The town hall will be held on Saturday, October 14 from 10am-2pm at Walsh University’s Betzler Auditorium, 2020 E Maple St, North Canton, OH 44720 and will be moderated by Kimberlé Crenshaw, Professor of Law at UCLA and Columbia Law Schools and Founder/Executive Director of the African American Policy Forum and Columbia Law School’s Center for Intersectionality and Social Policy Studies. During a powerful day of testimony and action, girls and women of color will speak across a range of issues — including health, education, violence and criminalization — in an effort to bring the circumstances facing many women and girls of color out of the shadows and squarely into public policy debates.
Increasing public concern for the needs of boys and men of color has prompted a variety of public and private initiatives, yet the challenges facing girls and women of color who live under the same inequitable and impoverished conditions as their male counterparts have not garnered a similar level of investment and support. AAPF and CISPS’s recent report, Black Girls Matter: Pushed Out, Overpoliced and Underprotected, demonstrates that Black girls are punished and criminalized in ways that are similar to and markedly different from their male counterparts. Both Black boys and girls face disproportionate rates of punitive punishment, and across many measures racialized disparities in punishment are in fact greater for girls. Nationally, Black girls are six times as likely to be suspended as white girls, while Black boys are three times as likely as white boys. Zero-tolerance discipline policies funnel girls onto the school-to-prison pipeline along with boys, and Black girls are the fastest growing population in the juvenile justice system. Black girls also experience gender-specific barriers to completing their educations, including teen pregnancy, sexual assault in and outside school, and additional familial caretaking burdens.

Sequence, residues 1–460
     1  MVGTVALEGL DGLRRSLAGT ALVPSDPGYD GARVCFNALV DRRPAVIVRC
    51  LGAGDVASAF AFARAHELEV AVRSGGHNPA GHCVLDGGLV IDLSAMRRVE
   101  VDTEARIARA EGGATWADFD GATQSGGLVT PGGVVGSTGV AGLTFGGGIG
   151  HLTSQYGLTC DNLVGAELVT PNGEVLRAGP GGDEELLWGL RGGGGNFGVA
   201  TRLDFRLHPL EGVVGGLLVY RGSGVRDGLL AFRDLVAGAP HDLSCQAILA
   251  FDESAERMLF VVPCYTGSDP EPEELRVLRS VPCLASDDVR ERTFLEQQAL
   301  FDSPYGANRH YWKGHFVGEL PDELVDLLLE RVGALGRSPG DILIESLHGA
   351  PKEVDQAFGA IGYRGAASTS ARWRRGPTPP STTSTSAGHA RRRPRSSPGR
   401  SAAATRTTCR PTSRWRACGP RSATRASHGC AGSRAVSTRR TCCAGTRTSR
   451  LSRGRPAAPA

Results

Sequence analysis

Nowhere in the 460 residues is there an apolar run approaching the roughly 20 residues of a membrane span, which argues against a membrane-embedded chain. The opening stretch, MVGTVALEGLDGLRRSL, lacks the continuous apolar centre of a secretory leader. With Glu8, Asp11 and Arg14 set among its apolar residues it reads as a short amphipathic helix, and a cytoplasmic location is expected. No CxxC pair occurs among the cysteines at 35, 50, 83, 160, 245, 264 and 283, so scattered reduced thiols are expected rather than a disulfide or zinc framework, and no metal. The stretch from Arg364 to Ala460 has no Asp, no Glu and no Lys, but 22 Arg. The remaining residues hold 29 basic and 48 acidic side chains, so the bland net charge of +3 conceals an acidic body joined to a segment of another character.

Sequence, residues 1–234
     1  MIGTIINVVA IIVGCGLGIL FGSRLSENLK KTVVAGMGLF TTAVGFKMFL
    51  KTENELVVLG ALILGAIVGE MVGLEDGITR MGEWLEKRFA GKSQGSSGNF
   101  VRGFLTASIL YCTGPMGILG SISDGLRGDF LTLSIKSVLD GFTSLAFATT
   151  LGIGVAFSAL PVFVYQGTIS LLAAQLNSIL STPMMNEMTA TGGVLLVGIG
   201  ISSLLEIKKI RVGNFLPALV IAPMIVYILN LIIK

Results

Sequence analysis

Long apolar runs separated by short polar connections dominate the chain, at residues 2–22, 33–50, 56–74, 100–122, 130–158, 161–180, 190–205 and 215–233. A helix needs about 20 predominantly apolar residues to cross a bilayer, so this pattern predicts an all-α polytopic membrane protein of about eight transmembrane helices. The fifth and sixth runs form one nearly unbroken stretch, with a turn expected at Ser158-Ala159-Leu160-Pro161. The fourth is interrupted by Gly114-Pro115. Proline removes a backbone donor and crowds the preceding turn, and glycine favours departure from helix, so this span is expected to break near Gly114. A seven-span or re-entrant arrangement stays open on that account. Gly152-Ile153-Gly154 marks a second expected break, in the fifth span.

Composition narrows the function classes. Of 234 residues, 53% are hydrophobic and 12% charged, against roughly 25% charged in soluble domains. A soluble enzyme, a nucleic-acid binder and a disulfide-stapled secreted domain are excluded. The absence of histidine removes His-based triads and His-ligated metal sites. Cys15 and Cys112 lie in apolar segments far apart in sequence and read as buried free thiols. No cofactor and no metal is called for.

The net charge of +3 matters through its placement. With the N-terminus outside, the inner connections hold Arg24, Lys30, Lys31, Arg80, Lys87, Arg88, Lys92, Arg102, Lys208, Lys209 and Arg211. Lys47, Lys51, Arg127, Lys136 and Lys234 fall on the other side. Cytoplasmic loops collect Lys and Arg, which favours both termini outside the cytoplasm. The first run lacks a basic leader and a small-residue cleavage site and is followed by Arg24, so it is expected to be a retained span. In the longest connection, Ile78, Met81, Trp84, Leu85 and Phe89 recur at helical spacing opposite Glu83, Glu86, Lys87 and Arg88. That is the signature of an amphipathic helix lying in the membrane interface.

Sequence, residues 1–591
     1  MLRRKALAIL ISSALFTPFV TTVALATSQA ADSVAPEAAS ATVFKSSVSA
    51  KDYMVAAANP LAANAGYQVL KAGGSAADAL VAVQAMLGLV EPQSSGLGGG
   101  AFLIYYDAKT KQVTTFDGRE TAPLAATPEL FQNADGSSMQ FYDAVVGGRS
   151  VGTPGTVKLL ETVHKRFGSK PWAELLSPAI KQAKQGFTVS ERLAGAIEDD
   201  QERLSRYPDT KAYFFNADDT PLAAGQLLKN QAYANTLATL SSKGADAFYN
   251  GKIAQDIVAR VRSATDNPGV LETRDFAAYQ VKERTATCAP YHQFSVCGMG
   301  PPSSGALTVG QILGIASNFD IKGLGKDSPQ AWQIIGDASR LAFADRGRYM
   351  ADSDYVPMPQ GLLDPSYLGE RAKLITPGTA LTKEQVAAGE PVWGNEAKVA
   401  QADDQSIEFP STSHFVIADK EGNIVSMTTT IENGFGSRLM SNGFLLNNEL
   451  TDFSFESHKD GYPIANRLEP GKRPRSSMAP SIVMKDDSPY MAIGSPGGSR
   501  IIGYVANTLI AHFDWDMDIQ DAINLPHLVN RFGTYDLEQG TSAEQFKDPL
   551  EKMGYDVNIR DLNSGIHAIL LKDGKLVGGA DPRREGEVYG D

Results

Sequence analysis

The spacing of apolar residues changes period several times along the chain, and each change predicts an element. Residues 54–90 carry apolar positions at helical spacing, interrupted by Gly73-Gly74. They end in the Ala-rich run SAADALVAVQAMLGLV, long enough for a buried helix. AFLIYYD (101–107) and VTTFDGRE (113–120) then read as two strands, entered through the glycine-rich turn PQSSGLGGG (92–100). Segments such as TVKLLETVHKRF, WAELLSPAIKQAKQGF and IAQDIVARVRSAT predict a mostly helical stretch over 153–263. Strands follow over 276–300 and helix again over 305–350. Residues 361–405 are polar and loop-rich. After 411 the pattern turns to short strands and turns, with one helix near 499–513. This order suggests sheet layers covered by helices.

“People think girls are doing OK, and they’re not,” says Lisa Gissendaner, Canton coordinator for Ohio State University’s Young Scholars program and one of the lead organizers of the town hall. “This [town hall] is to provide opportunities for women and girls of color to break their silence, to talk about their issues, their trauma, and hopefully influence some changes in policies and programs that can make their lives better.”
AAPF’s Executive Director Kimberle Crenshaw, who was born and raised in Canton, has wanted to bring the Breaking Silence Town Hall series to Ohio since its inception in 2014. “After having had this conversation all over the country, I’m so excited to bring it home to my own community,” Crenshaw says. “I couldn’t be more proud of the work being done in Canton to uplift the voices of women and girls of color, and I believe that this town hall represents an important step forward.”
Canton is the twelfth city to host a Breaking Silence Town Hall since AAPF launched the series in 2014. Through “Breaking Silence Ohio,” AAPF and the event’s other organizers hope to elevate the reality that women and girls of color confront devastating personal and institutional barriers in American society, and generate the public will to collect data and generate targeted interventions to address the crisis they face.
Press passes are available by request.
For more information, please contact Kyndall Clark at Kyndall.firstname.lastname@example.org.
The African American Policy Forum (AAPF) is an innovative think tank founded in 1996 that connects academics, activists and policy-makers to promote efforts to dismantle structural inequality. We utilize new ideas and innovative perspectives to transform public discourse and policy. We promote frameworks and strategies that address a vision of racial justice that embraces the intersections of race, gender, class, and the array of barriers that disempower those who are marginalized in society. AAPF is dedicated to advancing and expanding racial justice, gender equality, and the indivisibility of all human rights, both in the U.S. and internationally.